Please use this identifier to cite or link to this item: http://hdl.handle.net/10397/25047
Title: On the local and regional influence on ground-level ozone concentrations in Hong Kong
Authors: So, KL
Wang, T 
Keywords: Chemical ratios analysis
Long-range transport
Principal component analysis
Tropical cyclone
Urbanization
Issue Date: 2003
Publisher: Pergamon Press
Source: Environmental pollution, 2003, v. 123, no. 2, p. 307-317 How to cite?
Journal: Environmental pollution 
Abstract: Hong Kong is a densely populated city situated in the fast developing Pearl River Delta of southern China. In this study, the recent data on ozone (O3) and related air pollutants obtained at three sites in Hong Kong are analyzed to show the variations of O3 in urban, sub-urban and rural areas and the possible regional influences. Highest monthly averaged O3 was found at a northeastern rural site and lowest O3 level was observed at an urban site. The levels of NOx, CO, SO2 and PM10 showed a different spatial pattern with the highest level in the urban site and lowest at the rural site. Analysis of chemical species ratios such as SO2/NOx and CO/NOx indicated that the sites were under the influences of local and regional emissions to varying extents reflecting the characteristics of emission sources surround the respective sites. Seasonal pattern of O3 is examined. Low O3 level was found in summer and elevated levels occurred in autumn and spring. The latter appears different from the previous result obtained in 1996 indicating a single maximum occurring in autumn. Principal component analysis was used to further elucidate the relationships of air pollutants at each site. As expected, the O3 variation in the northeastern rural area was largely determined by regional chemical and transport processes, while the O3 variability at the southwestern suburban and urban sites were more influenced by local emissions. Despite the large difference in O3 levels across the sites, total potential ozone (O3+NO2) showed little variability. Cases of high O3 episodes were presented and elevated O3 levels were formed under the influence of tropical cyclone bringing in conditions of intense sunlight, high temperature and light winds. Elevated O3 levels were also found to correlate with enhanced ratio of SO2 to NOx, suggesting influence of regional emissions from the adjacent Pearl River Delta region.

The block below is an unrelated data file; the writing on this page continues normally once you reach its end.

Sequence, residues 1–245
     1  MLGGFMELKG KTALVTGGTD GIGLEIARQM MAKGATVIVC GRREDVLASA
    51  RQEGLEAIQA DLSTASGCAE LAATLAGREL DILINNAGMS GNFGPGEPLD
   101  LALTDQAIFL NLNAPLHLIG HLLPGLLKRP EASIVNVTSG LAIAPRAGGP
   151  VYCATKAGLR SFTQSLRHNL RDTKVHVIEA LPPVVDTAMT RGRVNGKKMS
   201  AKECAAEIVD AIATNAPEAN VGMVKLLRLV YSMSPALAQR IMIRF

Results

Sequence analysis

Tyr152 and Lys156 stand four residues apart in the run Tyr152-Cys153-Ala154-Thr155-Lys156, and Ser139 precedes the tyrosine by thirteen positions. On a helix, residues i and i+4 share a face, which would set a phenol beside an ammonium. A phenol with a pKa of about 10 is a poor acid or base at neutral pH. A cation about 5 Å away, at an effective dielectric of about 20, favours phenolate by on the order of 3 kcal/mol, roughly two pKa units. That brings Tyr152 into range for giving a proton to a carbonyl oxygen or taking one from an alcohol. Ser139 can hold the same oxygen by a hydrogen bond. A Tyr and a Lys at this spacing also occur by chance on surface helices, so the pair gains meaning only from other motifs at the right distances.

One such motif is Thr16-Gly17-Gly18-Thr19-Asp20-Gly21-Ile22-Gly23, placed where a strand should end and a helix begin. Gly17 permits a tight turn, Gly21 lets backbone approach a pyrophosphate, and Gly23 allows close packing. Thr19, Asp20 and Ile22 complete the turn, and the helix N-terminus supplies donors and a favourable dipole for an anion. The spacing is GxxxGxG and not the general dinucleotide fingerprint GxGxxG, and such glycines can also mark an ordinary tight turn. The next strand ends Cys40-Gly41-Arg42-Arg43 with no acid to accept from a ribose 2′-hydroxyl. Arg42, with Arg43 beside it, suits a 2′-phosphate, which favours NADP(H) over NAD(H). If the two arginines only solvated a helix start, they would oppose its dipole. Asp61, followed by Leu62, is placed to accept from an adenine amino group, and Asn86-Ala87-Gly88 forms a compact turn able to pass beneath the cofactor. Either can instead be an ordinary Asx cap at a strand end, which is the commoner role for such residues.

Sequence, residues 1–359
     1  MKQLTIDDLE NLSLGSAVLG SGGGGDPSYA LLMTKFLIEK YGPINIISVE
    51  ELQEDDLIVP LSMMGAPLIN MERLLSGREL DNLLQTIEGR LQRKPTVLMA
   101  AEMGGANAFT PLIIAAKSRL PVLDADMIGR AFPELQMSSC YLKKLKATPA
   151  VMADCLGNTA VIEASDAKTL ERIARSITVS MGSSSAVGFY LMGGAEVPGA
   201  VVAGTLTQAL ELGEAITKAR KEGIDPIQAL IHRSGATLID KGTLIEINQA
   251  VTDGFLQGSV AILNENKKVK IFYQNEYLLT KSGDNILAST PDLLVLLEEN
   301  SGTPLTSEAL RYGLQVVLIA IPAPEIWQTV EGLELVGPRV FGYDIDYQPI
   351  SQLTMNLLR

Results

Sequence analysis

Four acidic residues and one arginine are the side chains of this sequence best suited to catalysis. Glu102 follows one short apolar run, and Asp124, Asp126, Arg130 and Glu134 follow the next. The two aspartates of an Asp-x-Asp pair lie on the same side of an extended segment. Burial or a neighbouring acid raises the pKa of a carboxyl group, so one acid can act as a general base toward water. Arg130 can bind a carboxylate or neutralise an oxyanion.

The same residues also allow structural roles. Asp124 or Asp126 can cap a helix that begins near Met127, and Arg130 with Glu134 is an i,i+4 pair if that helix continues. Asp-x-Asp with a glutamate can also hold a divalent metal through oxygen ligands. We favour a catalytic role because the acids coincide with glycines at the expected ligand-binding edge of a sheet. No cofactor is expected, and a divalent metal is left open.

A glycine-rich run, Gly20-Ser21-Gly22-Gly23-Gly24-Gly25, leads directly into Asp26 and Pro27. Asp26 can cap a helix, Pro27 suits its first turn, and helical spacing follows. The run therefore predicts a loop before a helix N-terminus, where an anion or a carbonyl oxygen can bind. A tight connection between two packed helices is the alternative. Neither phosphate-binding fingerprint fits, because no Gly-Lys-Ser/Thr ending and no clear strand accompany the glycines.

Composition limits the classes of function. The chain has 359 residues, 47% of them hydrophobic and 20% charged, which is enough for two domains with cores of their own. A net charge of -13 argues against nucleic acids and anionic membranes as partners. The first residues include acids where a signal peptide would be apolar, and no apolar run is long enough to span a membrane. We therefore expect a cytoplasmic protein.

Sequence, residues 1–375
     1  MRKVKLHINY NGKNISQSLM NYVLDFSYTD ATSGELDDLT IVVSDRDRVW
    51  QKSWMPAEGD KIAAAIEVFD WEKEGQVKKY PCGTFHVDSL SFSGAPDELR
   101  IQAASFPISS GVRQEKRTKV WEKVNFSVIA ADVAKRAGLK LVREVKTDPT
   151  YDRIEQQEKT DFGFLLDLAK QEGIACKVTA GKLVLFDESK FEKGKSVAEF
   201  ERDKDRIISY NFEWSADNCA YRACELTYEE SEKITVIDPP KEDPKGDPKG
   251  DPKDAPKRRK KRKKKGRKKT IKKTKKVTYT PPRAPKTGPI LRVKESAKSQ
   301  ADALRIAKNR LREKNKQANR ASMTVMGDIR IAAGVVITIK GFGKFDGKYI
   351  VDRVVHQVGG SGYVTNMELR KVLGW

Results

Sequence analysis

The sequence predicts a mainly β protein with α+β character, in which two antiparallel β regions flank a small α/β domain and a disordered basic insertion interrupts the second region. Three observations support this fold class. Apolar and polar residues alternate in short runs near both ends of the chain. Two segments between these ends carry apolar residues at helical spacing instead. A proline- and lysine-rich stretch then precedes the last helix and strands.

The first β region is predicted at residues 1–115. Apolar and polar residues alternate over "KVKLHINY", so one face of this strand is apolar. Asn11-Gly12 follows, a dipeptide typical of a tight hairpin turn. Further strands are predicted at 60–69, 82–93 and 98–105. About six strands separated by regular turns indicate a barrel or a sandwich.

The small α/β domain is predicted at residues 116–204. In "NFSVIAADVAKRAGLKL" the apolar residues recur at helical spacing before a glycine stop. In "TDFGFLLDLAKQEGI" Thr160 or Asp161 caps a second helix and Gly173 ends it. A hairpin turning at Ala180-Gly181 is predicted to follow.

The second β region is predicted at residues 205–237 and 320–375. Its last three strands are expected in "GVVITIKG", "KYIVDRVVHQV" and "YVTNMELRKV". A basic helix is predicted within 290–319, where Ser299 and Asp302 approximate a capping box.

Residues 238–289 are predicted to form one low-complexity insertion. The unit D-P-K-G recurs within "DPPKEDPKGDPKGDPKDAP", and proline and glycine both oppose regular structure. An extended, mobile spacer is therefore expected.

URI: http://hdl.handle.net/10397/25047
ISSN: 0269-7491
EISSN: 1873-6424
DOI: 10.1016/S0269-7491(02)00370-6
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